Solar Panel Roof Mounts
Tick Tock Energy is proud to offer affordable and energy cost-saving solar panel roof mounts. Our expert solar consultants carefully factor structural and building code issues to provide the right solar panel roof mount solution to home and farms in Illinois and the Midwest.
The ideal orientation a solar panel roof mount installation is facing south where optimum energy production will be achieved. If your roof faces east or west your overall energy production will typically be 10 to 25% lower compared to a south-facing. On sloped roofs, the rack supporting the solar array is usually flush-mounted for aesthetic, cost and structural reasons. The annual energy production is also dependent on the tilt angle of the array (and roof).
Other things to consider for installing solar panel roof mounts are summarized below:
Common Roof Types
Solar roof mounting can be complex without expertise and understanding about specific roof types. Tick Tock Energy has installed solar systems on all types of metal and shingle roofs. The rack for both applications is similar and the main difference is the connection between the rack and the roof surface. Common roof types in Illinois and surrounding Midwest states are:
- Shingle roofs
- Metal – standing seam
- Metal – panel type (corrugated)
Shingle Roofs – Age Considerations
If your shingle roof is newer and has many years of life left, it’s a good time to make it roof solar panels now. If your roof is older and near replacement, you should consider replacing the shingles first or do the solar and roof upgrade at the same time.
However, with the federal tax credit available (at full 26% through 2022 and then declining to 22% in 2023) you may want to accelerate your roof replacement project and not delay. In some markets like Illinois, the solar renewable energy credit (SREC) is something you don’t want to miss out on either. Don’t let an old roof replacement project hinder your solar plan and the savings you will otherwise miss!
Shingle Roof Solar Mounting
A common approach for mounting solar panels to a shingle roof is fastening an “L-foot” or elevated block to your roof that is solidly anchored into the center of the truss below the roof deck via lag-bolt. The L-foot or elevated block forms the structural base and is surrounded by a thin metal flashing system that tucks under a preceding shingle preventing water from reaching the L-foot. The lag bolt anchoring the L-foot is equipped with a rubberized grommet that compresses around the bolt and around the hole penetrating the roof deck providing a waterproof installation.
Metal Roof Solar Mounting
Metal roofs are common on homes, farm buildings and commercial buildings in many areas of the US. Mounting a solar array on these types of roofs is similar to a shingle roof with exception of the roof attachment mechanism. Two major metal roof types exist:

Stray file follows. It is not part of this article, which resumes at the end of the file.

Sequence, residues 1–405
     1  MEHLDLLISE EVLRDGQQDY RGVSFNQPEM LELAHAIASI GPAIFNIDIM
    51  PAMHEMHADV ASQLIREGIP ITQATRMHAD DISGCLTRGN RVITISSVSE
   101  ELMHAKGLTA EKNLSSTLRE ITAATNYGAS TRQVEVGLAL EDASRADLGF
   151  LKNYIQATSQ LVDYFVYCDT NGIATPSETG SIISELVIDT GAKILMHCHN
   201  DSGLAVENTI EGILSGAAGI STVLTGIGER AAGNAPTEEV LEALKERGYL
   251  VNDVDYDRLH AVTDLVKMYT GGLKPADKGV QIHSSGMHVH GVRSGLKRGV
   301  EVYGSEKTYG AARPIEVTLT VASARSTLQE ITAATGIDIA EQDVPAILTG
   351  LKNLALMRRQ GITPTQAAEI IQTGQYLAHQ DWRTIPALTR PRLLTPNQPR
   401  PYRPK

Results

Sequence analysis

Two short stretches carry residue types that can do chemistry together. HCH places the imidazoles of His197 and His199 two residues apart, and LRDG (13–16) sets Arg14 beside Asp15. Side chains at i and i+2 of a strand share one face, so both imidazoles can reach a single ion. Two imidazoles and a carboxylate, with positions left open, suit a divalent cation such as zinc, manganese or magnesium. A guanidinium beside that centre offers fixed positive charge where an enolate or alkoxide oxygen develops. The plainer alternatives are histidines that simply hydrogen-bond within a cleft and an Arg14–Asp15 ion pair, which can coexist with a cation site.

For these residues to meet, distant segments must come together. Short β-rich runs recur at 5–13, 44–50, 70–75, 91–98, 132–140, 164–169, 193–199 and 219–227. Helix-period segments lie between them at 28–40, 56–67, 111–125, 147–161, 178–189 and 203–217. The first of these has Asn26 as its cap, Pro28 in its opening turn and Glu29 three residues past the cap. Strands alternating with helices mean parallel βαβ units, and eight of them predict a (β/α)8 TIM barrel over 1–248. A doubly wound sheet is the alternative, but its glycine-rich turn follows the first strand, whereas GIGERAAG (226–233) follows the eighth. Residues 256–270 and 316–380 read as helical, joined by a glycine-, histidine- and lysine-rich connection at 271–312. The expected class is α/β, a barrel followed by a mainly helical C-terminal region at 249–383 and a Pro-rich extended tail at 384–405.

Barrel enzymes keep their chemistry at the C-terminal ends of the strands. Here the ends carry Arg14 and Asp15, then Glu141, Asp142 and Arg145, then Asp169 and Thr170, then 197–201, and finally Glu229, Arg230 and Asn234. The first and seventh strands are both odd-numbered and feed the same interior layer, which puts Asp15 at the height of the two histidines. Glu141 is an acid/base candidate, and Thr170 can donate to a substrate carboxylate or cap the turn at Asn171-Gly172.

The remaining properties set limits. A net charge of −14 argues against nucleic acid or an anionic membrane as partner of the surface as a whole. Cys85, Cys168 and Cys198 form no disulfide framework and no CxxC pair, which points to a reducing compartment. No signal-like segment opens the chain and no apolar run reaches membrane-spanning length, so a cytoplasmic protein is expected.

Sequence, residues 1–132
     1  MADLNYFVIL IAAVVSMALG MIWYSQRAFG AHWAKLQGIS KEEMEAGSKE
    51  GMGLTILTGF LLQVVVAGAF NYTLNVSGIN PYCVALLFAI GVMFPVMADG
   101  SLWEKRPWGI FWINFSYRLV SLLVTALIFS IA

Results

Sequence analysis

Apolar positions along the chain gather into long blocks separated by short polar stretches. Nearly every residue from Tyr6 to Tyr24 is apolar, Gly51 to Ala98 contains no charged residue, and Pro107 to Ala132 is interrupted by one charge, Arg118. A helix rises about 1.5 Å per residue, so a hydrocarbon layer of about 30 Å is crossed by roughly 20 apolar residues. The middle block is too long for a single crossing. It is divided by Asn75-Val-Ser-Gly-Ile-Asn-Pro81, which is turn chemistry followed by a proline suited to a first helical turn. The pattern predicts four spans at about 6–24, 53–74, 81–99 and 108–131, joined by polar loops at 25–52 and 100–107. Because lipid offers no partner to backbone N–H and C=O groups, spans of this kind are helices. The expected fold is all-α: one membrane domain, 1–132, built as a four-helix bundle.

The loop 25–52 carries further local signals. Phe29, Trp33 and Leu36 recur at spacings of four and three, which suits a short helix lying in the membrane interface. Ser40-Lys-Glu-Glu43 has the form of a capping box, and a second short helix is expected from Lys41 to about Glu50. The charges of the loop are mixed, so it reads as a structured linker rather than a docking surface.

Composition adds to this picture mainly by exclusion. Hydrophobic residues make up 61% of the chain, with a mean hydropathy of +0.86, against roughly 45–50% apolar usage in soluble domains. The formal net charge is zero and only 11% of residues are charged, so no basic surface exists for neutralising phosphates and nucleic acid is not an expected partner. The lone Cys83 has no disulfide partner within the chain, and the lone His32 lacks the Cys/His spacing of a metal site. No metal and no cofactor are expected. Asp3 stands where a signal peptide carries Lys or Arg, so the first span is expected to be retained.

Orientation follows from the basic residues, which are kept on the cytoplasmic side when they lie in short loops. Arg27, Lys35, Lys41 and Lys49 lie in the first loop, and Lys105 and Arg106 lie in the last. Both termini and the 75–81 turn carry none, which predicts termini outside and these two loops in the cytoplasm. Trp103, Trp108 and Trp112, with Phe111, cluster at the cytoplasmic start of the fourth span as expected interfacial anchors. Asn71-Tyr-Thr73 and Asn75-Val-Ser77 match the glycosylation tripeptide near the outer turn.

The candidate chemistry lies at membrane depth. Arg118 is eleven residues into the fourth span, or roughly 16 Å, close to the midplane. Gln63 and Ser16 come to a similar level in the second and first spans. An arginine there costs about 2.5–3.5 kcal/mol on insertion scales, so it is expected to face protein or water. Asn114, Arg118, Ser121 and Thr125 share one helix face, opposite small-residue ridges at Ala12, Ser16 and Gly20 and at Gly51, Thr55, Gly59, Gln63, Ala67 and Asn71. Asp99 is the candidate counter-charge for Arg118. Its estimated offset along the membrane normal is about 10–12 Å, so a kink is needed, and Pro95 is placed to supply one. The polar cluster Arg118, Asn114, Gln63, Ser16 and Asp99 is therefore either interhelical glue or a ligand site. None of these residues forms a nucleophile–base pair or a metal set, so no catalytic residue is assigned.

- Metal standing seam
- Metal panel or corrugated type
Roof Setback Considerations
When planning your solar roof mount installation, a setback around all edges or peaks of the roof is a good practice. This reduces the overall area available for capturing solar energy but has both structural and fire protection reasons. When planning our installations, we factor the local code requirements to optimize utilization of available roof area.
Fire Code / Access Around Your Solar Array
In some parts of the country, fire codes require a setback from each roof edge for fire safety personnel to access to your rooftop. This does reduce the available area for solar and can result in a smaller array. Although your local jurisdiction may have not adopted the current fire code, its good probability they eventually will.
Structural Engineering Considerations
Having a setback from the roof edges is also very important for structural engineering reasons too. In many projects, we’ll have our structural engineer advise on truss loads, reinforcing requirements, and similar matters.
Your rooftop solar array installation may be in place up to 30 years or longer. The solar array (and roof) will take a beating from Mother Nature and must stand up to high wind, hail, rain, snow, sleet, etc. The perimeter zones around your rooftop are exposed to the greatest forces during high wind and thus areas to try and avoid locating panels.
A 3-foot setback as a general “rule-of-thumb” will generally keep your solar array away from these areas of high wind turbulence and extreme forces. The figure on the left illustrates the “caution” zones that are determined by a structural engineering analysis. Placing panels in this area is possible but may require additional reinforcement.
Truss / Roof Reinforcing
In metal pole barn and wood-framed building applications, we occasionally need to bolster the trusses with additional lumber. High winds on a solar array exert positive or negative pressure requiring a strong roof structure to counteract these forces. The additional weight of a solar array along with positive and downward wind forces may necessitate adding additional lumber to reinforce truss joints, members and attachments. This is often not required but a consideration.
More frequently required in a solar panel roof mount project is the need to use metal ties underneath the roof to reinforce the purlin attachment to the truss. Purlins are usually nailed into the roof trusses and nails alone typically don’t resist the pull-out forces that increase after solar is added to a rooftop under high winds. A metal tie provides an extra connection to secure the purlin to the roof truss. We typically add one metal tie near each L-foot used for the solar array rack.
Overall, the added reinforcing is a small extra cost but an important factor in protecting your roof and solar investment over the long term.
Get in touch with a knowledgeable expert at Tick Tock Energy to learn more about solar panel roof mounts. Contact us today.